The dog growled at Eleanor and stalked towards her. She shook her head, dazed from the shock of being propelled back, then pushed herself to her feet again. This time, she knew what she was doing. She aimed again, bringing her wrists together and planting her feet, prepared for the kickback. She lost track of how many times she shot bolts at the dog. What she remembered was the final yelp as one hit true and the explosion of glowing water against the dog’s body as it let out a chilling yelp and turned tail, scrambling into the forest behind it.
She stood panting as her hands hung at her sides, glowing water still dripping from them. As she caught her breath, she became aware of water filling the dip where she and the car now stood —it was up to her waist before she realised how strong the current was. The water swirled around her like a strong eddy, yet, except for herself, there was no source to this river.
Although Eleanor considered herself strong for her age, the water was stronger. Raising her arms above her head, she attempted to wade from the car and back up the incline where the dog had been. With each movement, it pushed her back, and the water continued to rise around her. Her eyes still streamed with tears of anger and betrayal, and she let her hands drop to the water, still glowing, lighting up the surrounding area.
‘How?’ she whispered, her lips barely moving. As the water continued to rise, her feet became trapped in the mud. Eleanor heard a rumble of thunder, and as the water swirled around her chin, she tilted her head back to savour what could be her last taste of air. She gasped, drawing in a deep breath as the water flowed over her face.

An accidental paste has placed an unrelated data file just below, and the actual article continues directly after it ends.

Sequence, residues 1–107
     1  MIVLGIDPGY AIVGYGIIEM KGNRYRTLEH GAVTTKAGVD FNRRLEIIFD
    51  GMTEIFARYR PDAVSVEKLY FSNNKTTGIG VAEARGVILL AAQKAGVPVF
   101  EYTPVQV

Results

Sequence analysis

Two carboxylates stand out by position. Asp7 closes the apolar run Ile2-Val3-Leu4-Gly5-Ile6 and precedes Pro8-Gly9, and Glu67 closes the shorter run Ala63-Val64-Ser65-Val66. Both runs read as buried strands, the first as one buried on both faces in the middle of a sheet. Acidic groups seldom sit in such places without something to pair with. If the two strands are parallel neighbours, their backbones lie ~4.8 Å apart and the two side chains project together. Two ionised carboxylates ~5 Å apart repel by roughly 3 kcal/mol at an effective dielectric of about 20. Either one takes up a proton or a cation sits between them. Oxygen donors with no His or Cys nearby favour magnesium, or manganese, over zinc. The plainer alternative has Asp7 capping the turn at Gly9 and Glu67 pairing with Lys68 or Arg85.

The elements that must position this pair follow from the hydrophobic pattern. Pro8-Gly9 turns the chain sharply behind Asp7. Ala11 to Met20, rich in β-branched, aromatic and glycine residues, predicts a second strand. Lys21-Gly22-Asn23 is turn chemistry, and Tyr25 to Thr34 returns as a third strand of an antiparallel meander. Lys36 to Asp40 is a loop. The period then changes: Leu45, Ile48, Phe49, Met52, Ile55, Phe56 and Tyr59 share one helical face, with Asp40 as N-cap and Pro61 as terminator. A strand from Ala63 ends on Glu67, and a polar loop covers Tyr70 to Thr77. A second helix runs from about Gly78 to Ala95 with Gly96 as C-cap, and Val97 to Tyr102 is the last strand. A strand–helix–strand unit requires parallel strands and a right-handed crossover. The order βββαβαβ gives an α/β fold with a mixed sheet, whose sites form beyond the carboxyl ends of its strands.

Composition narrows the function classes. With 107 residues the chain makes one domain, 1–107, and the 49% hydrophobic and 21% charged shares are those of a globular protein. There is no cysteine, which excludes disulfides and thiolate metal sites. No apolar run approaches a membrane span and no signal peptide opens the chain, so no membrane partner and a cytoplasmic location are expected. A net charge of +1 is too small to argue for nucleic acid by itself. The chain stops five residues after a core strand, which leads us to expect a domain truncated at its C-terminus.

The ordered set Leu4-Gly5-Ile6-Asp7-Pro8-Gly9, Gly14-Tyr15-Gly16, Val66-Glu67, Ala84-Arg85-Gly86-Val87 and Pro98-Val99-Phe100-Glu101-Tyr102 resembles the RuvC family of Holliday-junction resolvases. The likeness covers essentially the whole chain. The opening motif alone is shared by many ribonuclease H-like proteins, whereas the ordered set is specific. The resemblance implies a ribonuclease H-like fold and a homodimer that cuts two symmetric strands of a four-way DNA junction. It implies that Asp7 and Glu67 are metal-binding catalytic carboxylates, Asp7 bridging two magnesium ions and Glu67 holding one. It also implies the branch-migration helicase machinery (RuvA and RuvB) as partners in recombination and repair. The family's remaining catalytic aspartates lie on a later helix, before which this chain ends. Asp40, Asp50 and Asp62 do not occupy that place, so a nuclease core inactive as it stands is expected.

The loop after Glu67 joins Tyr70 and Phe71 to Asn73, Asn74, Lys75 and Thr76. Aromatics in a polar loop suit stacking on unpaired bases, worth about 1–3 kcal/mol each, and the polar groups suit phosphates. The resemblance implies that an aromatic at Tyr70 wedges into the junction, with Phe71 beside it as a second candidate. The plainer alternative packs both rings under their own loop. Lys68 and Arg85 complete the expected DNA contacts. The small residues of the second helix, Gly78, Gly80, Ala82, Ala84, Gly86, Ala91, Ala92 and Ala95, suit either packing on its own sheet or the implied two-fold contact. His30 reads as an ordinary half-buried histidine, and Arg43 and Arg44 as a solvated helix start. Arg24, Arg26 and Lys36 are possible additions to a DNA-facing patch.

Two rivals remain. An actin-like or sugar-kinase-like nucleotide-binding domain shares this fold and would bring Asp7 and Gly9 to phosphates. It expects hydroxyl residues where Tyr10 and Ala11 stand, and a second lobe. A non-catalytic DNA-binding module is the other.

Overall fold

The world was oddly still under the water; the rushing surface that had enveloped her now seemed peaceful. Eleanor turned her head, hair flowing around her in the water. This couldn’t be it. This couldn’t be how it ended, drowned in a hollow in the woods with a stolen car and doubting her sanity. No, she wasn’t going like this. There were too many questions left unanswered, but the burning in her lungs as the last of her air ran out told a different story.
She tried not to panic, but as her eyes bulged, Eleanor tried to coax as much out of that last breath as she could. Her vision closed in, darkness from the edges enveloping everything in front of her.
As she closed her eyes for what she truly believed was the last time, head spinning and lungs burning, something or someone grabbed her wrist under the water.
The Great Escape, Chapter 4/9 will be published on Sunday August 15th.
Next week's Author will be Gary Brian